I never found out the real answer to my own question, but I did realize that my Facebook usage is unlike most people's. I use Facebook and Twitter to track wildlife. I do it all the time by just being connected.
Facebook has "Groups" and "Pages" for those of you who are unfamiliar with the website. You can join these groups and see exactly what people post to the public. Groups range from hobbyist groups, to family groups, and even classmates in a specific college class or study groups. Pages are a bit different, but with a similar concept. We'll leave pages for another day.
|Black bear reported to the public on Facebook|
People post all kinds of important information on the whereabouts of all sorts of species. Most posts regarding wildlife have to do with what comes up to bird feeders, "too many deer", red fox appearances, and the occasional coyote post from around the area. Once in a while black bears and bobcats are talked about, and very rarely, someone will post something about a mountain lion.
All of these sightings are important to me. It helps me out with my trail camera surveys and gives me an opportunity to talk to private property owners about what is really around here. What usually happens in situations where I see people posting about wildlife sightings, is that I will comment that I'm interested and take it from there. Sometimes this leads to me trusting the people enough to get the chance at putting up a trail camera on their property.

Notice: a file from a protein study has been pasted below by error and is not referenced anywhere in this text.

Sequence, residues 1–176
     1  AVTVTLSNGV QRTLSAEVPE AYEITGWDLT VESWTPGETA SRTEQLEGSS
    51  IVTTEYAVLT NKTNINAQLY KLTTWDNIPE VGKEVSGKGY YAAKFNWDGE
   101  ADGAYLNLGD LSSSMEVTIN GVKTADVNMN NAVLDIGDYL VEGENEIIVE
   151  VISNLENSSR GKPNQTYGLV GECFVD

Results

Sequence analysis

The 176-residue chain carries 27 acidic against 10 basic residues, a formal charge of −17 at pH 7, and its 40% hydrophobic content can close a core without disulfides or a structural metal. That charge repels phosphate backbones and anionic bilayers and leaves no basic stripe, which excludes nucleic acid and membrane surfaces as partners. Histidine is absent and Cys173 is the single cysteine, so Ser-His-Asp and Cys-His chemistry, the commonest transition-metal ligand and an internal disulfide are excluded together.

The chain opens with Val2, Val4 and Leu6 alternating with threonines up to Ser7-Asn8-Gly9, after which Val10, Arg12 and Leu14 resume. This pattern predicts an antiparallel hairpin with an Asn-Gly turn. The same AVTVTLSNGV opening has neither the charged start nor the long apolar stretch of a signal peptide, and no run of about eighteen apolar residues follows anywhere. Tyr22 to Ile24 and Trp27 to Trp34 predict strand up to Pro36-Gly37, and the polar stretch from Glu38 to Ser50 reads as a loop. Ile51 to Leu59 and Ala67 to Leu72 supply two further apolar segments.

I find it fascinating to not only see what people see, but also to see what they completely miss. It's incredible how many animals seem to "go under the radar" of lots of people. I have known about bears, bobcats, and whole packs of coyotes that visit people's yards. Some visit almost every single night, and people never even know.
A good way to skip through posts not having to deal with wildlife is to go on the specific Facebook group and hit the "search" bar up top. I type in words such as "coyote", "bear", and "wildlife" and all kinds of stuff may come up. This is usually done once a week on my areas' that I cover on wildlife sightings and trail cameras. It is something that is free and doesn't take much time at all. For those two reasons, it is well worth it for me to do this.
A large portion of the work I do covers sightings and opportunities that come directly from my bosses in the parks and wildlife careers. Tracking wildlife through social media is an opportunity that takes me off the beaten path of professional animal sightings and is a whole "science" in itself. It's amazing.